He was a hard guy to work for, but at the same time very easy to work for.”
Crabb’s daughter Yvonne may have the best perspective of all. “He has a fundamental respect for people he meets. He remembers names and faces most people would forget,” she says. “He trained people who would eventually come to compete with him. I think he’s proud of that. And he always worked with an attitude of friendly competition when those people went out on their own. I think he’s proud of that, too.”
“He has a great sense of humour, and I think that helped in business. He enjoys simple things and always has a smile on his face,” Yvonne adds. “He always demanded the most out of people, too. He demanded that they took care, the same kind of care he would take himself.”
On one occasion, on a late night call, Crabb slipped and fell from the cab of a truck while trying to hook up a customer. He knew immediately that he had broken his ankle. Rather than leave the customer hanging, he called out another unit and made sure that the customer had been looked after. Only then did he climb back into his own truck, drive home to the yard, and get himself to hospital to have his broken ankle attended to.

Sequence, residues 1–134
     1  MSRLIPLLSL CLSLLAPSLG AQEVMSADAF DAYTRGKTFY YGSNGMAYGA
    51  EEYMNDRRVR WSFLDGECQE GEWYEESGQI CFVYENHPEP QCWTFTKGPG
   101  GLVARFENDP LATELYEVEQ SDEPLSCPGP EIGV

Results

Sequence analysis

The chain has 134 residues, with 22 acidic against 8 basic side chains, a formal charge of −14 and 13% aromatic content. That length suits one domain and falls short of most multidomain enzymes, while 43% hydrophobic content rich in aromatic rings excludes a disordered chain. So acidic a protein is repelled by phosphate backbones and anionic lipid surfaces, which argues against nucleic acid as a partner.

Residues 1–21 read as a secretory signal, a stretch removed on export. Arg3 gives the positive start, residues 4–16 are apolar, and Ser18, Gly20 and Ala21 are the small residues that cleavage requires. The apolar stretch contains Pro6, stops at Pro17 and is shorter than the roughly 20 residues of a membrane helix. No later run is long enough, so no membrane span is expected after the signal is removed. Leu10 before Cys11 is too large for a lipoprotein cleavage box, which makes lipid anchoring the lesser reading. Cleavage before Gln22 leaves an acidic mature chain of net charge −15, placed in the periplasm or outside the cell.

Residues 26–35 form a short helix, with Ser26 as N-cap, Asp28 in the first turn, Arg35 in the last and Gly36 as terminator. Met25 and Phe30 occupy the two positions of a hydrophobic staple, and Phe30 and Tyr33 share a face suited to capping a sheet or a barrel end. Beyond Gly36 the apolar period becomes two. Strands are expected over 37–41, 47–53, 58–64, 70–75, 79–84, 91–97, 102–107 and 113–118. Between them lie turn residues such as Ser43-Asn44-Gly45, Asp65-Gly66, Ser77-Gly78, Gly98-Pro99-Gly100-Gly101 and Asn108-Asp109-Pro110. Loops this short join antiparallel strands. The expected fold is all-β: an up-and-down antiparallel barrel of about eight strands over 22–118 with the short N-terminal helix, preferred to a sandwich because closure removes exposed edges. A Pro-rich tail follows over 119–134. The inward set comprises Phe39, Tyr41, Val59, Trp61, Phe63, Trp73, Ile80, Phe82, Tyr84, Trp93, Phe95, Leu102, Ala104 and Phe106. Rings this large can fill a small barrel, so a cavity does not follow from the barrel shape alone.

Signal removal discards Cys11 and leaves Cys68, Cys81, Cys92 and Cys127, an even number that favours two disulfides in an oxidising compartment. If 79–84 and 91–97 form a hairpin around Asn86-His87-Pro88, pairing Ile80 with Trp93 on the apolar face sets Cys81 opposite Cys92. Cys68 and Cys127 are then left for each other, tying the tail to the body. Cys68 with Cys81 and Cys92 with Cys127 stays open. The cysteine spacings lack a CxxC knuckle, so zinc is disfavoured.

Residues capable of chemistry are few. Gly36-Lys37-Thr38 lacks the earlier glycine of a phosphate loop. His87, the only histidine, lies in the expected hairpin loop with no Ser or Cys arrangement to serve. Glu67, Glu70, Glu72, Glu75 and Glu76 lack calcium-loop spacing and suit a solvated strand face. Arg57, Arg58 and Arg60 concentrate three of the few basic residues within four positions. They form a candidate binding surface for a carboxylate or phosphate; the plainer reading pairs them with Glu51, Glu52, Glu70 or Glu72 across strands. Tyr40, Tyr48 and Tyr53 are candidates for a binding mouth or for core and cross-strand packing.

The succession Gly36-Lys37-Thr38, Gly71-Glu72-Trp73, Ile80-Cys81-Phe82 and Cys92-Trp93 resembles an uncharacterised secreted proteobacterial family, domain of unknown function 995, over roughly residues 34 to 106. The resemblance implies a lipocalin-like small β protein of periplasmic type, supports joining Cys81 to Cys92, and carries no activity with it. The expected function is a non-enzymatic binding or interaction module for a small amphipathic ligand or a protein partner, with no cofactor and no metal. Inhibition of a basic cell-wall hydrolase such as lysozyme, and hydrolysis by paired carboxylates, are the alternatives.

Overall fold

Most of all, Crabb’s was a career driven by a passion for service—a passion that waned only after the loss of his wife. “After she was gone, I never saw him drive a truck again,” says Cory Rushinko.
Crabb’s family was always a big part of the business. Yvonne worked in administration, and Sheldon Crabb, Don’s son, gave up engineering studies to work with his father at Bayview Towing in the 1990s.
“He taught me how to be a good businessman. But more than that, he taught me how to be a good person,” Sheldon says.
How would Don manage in today’s market?
“The technology around the business has changed, that’s true. Computerization and digital dispatch have made things more efficient, safer, and better. Don was never big into technology,” Sheldon says. “But those things are just tools. They change over time. Don succeeded in business not because of tools and technology. He succeeded because of his values…He was all about being a pro. In towing, it helps to have a great work ethic, pride in achievement, and a sense of humour, but, most important, you really have to want to help people. If not, then you’re in the wrong business. That’s Don.”
Blake Desaulniers is a digital media content producer, writer, photographer, videographer, and car guy based in Vancouver. He can be found at blakedesaulniers.com